When I think of the physical and biological sciences, I assume they adhere to rigid protocols. Which, to an extent, is true. However, many of science’s biggest discoveries were produced by people questioning and pushing the boundaries, creating a new paradigm. I view science fiction as a way for everyone to exercise that same imaginative inclination. Ray Bradbury’s explanation of literature acting as a safety valve for violence runs parallel to that idea. 

Bradbury believes that literature lets us release the tensions of everyday life by allowing us to channel our instinctive thoughts into a fictional scenario. In that way, science fiction lets us respond to science and technology. Rather than leave the science to the scientists, “fiction” is how we come to terms with those “what-ifs” in the science and technology that surround us. Science fiction lets us explore the science we have now, could have later, and what we will do with that information.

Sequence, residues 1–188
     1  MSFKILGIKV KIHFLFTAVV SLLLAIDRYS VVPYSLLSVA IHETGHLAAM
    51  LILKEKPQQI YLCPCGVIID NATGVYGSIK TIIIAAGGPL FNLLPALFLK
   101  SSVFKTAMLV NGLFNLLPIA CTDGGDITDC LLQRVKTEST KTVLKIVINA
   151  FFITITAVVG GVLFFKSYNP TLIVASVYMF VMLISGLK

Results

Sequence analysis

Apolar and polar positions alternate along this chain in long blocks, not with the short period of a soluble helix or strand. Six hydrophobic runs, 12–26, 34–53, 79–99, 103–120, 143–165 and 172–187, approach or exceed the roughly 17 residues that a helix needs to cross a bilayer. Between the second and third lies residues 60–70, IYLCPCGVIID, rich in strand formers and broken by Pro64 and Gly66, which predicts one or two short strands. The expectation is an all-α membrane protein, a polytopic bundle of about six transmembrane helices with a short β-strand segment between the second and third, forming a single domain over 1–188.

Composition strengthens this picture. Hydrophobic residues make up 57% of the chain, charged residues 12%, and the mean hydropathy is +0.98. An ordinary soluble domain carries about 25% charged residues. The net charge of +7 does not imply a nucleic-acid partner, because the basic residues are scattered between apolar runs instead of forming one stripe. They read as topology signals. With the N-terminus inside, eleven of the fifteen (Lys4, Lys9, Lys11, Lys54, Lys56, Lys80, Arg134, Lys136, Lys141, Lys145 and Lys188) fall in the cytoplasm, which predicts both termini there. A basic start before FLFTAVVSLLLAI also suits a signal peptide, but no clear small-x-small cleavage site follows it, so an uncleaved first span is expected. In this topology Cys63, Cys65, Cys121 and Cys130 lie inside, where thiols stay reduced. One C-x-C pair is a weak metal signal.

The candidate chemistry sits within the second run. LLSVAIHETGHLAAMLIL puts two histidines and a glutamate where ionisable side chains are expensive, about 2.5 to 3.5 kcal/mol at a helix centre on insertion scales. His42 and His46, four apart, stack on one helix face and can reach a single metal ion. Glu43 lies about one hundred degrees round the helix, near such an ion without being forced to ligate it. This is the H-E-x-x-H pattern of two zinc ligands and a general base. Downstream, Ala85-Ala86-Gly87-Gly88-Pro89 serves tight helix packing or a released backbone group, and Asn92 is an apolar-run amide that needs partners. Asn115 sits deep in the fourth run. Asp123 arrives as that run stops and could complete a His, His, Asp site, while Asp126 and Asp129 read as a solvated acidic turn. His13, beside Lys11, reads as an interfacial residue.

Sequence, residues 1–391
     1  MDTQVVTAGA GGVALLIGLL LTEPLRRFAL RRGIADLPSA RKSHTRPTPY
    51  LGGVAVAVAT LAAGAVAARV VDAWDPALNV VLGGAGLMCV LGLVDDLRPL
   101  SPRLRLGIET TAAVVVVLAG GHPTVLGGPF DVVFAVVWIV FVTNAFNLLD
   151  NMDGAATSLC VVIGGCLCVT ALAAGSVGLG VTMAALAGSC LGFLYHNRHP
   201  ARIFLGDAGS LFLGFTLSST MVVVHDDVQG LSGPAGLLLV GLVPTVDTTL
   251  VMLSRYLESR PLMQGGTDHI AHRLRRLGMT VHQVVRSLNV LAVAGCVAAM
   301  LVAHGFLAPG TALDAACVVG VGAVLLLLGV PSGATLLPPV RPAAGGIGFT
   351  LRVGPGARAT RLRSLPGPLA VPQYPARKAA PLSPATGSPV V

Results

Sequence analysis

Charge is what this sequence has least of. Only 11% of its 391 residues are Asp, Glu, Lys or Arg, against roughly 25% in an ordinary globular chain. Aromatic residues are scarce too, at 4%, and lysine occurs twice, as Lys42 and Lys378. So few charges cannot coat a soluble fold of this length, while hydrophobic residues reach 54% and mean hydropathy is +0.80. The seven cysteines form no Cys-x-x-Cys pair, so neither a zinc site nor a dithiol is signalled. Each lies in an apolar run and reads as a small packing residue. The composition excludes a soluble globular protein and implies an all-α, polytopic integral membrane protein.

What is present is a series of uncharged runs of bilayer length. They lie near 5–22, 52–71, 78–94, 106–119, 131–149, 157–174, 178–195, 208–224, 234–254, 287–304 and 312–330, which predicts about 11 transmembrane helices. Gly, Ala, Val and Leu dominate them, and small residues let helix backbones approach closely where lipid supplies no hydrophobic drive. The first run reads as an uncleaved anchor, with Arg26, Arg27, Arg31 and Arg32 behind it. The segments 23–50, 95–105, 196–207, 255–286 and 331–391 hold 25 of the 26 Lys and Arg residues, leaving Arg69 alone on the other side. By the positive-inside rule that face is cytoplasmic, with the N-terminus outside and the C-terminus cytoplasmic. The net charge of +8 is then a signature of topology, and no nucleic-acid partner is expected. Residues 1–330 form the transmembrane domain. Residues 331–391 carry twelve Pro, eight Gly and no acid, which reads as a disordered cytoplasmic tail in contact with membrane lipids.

On the other hand, I still agree with Ursula K. Le Guin’s idea that we know because it is a novel or fiction, it is not real. It is a genre that lets us fully explore our thoughts and feelings about the changing world around us whether that be an organic (climate change and alternate universes etc.) or mechanistic change (AI and time travel etc.) It also is not a full prediction of our future. It is a projection of what we know of ourselves at the time.

To sum, it is a genre that drawing from science and technology, lets us explore ourselves, our past, and what we think of our future.